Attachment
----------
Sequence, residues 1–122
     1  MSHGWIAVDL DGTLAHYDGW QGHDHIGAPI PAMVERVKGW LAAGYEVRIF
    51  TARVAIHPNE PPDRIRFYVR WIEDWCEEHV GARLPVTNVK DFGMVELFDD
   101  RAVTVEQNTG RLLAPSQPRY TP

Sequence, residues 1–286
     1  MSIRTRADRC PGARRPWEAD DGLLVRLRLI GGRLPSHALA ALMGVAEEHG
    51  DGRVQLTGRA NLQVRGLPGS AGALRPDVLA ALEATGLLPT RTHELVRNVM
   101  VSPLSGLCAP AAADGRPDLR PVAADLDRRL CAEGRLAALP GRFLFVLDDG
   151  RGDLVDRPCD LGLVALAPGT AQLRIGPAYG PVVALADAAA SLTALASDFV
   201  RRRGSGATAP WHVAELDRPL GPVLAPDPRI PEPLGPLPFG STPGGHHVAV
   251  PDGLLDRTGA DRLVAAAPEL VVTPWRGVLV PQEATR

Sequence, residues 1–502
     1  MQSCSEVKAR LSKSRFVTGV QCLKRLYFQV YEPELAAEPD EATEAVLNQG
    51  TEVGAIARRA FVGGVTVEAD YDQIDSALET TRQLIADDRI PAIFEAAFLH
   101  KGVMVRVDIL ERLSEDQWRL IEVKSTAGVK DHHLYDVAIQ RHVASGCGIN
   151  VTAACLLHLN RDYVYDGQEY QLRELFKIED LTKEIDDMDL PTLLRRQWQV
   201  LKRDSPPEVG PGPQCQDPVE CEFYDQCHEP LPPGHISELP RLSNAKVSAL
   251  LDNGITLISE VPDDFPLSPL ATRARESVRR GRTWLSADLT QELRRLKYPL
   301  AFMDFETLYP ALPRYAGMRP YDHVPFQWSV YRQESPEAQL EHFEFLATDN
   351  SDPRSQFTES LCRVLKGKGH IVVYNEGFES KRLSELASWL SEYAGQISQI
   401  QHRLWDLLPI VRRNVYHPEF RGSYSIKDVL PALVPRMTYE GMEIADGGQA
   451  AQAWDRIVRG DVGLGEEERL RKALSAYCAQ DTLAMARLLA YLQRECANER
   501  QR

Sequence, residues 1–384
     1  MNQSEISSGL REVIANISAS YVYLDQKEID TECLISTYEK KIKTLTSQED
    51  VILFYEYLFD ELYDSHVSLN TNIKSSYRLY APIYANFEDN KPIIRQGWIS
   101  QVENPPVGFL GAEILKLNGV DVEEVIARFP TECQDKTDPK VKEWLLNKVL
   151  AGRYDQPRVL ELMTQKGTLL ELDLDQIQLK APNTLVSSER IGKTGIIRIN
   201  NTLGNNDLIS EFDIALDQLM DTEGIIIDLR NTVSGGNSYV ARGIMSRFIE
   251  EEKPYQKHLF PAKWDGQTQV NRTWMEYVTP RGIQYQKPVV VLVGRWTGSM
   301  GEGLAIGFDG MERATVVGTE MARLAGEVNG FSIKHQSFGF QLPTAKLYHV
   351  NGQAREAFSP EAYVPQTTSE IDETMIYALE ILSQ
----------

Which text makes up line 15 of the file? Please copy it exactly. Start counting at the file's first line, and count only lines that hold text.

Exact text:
   101  KGVMVRVDIL ERLSEDQWRL IEVKSTAGVK DHHLYDVAIQ RHVASGCGIN